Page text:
Executive mayor of Kouga Municipality, said the local authority had entered a partnership with Scottish company MacRebur and South African civil engineering experts to build ‘the first plastic road’ in Jeffrey’s Bay. According to MacRebur, its products are made using materials derived from non-recyclable waste plastic that was destined for landfill or incineration. “By extending part of the bitumen in the mix MacRebur products reduce fossil fuel usage, leading to a reduction in carbon footprint and helping to foster a circular economy.” Non-recyclable plastic waste, which ends up in the ocean or clogging up landfill sites, is processed into pellets and used to replace a large component of the bitumen in a conventional asphalt mix. The result is a road that is stronger and more durable. Water, the main cause of potholes, does not penetrate it as easily as with traditional asphalt mixes and it is also more heat resistant.

SOURCES: BUSINESSTECH

7Safaricom Strikes a Key Deal

Aliexpress Safaricom

Kenya’s mobile operating firm Safaricom, has secured a deal with China’s largest e-commerce company. The deal will enable Kenyan shoppers to buy goods on the Aliexpress.com site, run by Chinese e-commerce giant Alibaba Group, using Kenya’s M-Pesa mobile payment service for online shopping. The new partnership with AliExpress will not affect the telco’s e-commerce platform but seeks to address small traders needs as it continues to expand M-PESA’s capabilities. M-Pesa was launched in 2007 to offer Kenyans without bank accounts a network to transfer cash via mobile phones. It now offers a range of payment services, loans and savings to more than 21 million people in the country.

SOURCES: AFRICA NEWS

8Rescue Efforts after School Building Collapses in Nigeria

Building Collapse Nigeria

Emergency crews scrambled to rescue dozens of children Wednesday morning from the wreckage of a three-story building housing a nursery and primary school that collapsed in Lagos, Nigeria. One video on social media showed a dazed-looking, dust-covered child being carried on an orange stretcher as hundreds of onlookers cheered and patted rescuers on the back. Other videos from the scene posted on social media show piles of giant slabs of broken concrete. By early afternoon the top two collapsed floors had been removed by a bulldozer and rescuers stood atop the rubble, throwing aside children’s backpacks and other school equipment in hopes of reaching children underneath.

SOURCES: THE NEW YORK TIMES

9A Win for Guinea Bissau’s Drug Unit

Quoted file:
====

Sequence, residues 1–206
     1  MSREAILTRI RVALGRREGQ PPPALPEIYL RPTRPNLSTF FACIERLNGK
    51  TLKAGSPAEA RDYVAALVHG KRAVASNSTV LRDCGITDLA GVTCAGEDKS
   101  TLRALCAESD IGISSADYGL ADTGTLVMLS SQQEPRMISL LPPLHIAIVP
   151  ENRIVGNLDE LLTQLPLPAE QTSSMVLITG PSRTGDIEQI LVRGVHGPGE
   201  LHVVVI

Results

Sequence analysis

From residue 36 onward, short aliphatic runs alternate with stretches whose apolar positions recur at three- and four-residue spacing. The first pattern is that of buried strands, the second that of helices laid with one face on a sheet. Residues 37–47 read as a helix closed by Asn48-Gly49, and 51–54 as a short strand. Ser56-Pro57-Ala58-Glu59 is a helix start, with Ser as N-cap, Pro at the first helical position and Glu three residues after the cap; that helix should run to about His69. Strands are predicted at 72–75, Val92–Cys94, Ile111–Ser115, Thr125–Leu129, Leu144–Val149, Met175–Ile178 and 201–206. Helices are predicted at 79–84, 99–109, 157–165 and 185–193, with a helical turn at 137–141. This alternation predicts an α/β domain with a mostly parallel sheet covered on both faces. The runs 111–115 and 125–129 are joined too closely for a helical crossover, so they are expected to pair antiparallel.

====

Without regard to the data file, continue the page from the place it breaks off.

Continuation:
Guinea Bissau's Drug Unit

Authorities in Guinea-Bissau seized a consignment of nearly 800kg of cocaine. It is the biggest drug haul in the country in over a decade. Four suspects – two Nigerians, one Senegalese and one Bissau-Guinean – were arrested following the seizure overnight on Saturday to Sunday at the capital Bissau’s northern exit. The drugs were found in a refrigerated truck registered in Senegal. Police are probing whether army officers and high-ranking officials were involved. The United Nations said last year Africa and Asia were becoming cocaine trafficking and consumption hubs. Guinea Bissau’s mix of weak law enforcement and maze of islands and unpoliced mangroves helped make it a smuggler’s haven.

SOURCES: AL JAZEERA

10Meeting South Africa’s First YouTube Star

SA’s First YouTube Star

According to Julia Anastasopoulos, the classically trained actor behind the Suzelle character, the braai pie video was her 10th SuzelleDIY video. But it was the one that made her a household name overnight. Since then, she has produced more than 100 videos that blend vaguely useful DIY advice with humor. With her ear-scalding accent and no-nonsense approach, Suzelle is as South African as they come.  While she continues to add Suzelle videos when the mood takes her, Anastasopoulos has gone on to star in her own TV show called Tali’s Wedding Diary in 2017 which follows vain, self-obsessed Tali in her quest to achieve the perfect wedding — to a hilarious but somewhat pathetic end. The show, which was the first to be commissioned by South African streaming service Showmax, saw overwhelming success — it outperformed Game of Thrones on launch day and recently took home five South African Film & Television awards.

SOURCES: OZY